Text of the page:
Sunday, April 18, 2010
The Temporary Museum of Vaseline in Perth Amboy
Temporary Museum of Vaseline in Perth Amboy (2009-Ongoing)
The possibility of such a museum emerged as a happy by-product of ongoing research for the Chadwicks. We had been studying the Amboys with the hopes of locating lost portraits of Chadwick family members produced in the New Jersey town by one of the first American artists, John Watson 1685-1763—also the first keeper of an American museum.
Though the portraits are still lost, we have during an archaeological cave exploration in the Amboys discovered a series of Chadwick family artifacts preserved in a substance very similar to Vaseline—a product that was not produced commercially in Perth Amboy (or anywhere else) until the late nineteenth century.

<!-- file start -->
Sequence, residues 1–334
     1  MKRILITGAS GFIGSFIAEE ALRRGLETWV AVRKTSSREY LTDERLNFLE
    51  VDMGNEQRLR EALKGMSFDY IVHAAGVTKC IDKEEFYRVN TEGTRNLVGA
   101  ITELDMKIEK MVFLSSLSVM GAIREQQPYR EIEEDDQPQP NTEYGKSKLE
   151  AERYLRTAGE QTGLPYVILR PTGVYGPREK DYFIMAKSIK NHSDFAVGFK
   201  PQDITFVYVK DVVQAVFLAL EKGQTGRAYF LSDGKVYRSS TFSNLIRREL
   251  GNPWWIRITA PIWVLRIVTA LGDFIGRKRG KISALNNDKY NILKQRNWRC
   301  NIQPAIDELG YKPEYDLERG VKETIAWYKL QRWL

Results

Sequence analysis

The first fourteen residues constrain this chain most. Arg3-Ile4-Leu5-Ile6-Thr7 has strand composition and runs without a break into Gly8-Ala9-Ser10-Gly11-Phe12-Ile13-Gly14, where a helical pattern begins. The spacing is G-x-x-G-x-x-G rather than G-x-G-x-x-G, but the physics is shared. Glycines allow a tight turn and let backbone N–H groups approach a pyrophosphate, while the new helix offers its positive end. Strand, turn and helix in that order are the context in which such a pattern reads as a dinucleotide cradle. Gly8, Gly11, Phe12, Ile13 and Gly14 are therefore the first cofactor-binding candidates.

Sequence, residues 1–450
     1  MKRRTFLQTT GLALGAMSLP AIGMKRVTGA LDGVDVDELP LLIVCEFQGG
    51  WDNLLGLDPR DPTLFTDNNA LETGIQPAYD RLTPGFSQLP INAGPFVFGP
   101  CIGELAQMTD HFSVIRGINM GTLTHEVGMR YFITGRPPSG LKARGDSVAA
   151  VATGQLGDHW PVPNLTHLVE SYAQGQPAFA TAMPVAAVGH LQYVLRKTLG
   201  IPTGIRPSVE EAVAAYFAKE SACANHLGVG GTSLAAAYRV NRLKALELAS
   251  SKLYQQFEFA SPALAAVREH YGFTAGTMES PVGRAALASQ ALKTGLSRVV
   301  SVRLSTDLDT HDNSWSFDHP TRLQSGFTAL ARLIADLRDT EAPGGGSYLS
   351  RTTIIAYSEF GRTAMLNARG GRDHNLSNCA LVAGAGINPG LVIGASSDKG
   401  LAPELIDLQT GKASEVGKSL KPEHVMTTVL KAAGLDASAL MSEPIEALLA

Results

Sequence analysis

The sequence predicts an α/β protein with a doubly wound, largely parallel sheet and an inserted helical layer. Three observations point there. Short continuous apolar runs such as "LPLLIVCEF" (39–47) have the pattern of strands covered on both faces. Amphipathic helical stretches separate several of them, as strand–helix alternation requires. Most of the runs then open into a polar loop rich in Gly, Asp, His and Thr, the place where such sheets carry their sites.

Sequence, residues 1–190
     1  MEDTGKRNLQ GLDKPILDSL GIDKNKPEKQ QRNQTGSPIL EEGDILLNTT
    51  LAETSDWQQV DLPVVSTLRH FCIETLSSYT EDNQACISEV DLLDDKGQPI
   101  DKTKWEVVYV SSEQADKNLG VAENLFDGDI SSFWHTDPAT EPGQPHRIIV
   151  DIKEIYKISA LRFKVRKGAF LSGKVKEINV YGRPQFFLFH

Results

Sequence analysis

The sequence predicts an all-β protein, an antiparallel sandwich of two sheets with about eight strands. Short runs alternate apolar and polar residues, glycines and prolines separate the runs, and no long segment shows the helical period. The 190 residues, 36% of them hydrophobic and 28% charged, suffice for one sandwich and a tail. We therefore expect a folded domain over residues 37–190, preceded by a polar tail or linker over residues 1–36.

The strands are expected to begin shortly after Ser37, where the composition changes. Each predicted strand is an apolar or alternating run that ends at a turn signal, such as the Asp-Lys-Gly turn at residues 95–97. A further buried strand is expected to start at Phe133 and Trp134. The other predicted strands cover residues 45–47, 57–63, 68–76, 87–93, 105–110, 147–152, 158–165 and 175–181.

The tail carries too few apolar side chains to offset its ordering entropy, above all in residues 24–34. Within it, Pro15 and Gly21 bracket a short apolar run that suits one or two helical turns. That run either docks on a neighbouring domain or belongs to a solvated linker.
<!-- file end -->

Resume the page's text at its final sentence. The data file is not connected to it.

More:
Was it possible that a naturally occurring Vaseline spring preceded industrial production of the lubricant? More research funding was needed.
To achieve this end we have sought the involvement of several cultural institutions crucial to the history of the Amboys, especially Chesebrough (the manufactures of Vaseline) and the Guggenheim family, which established its first commercial plant—for copper smelting—in the Amboys in the 1890s.
As our research progressed, we became stuck on a number of enigmatic coincidences: the linked origins in the Amboys of American painting, American museums, the Guggenheim empire, and the gooey medium popularized by several prominent Guggenheim artists. These strands of American culture were simply too interwoven to be untangled or smoothed over.
And so Blachly and I propose the Temporary Museum of Vaseline in Perth Amboy as a way to explore their interrelations, while also bringing attention to the region’s unique history in preparation for a more permanent institution such as Guggenheim, The Amboys—an edifice probably still some years in the future.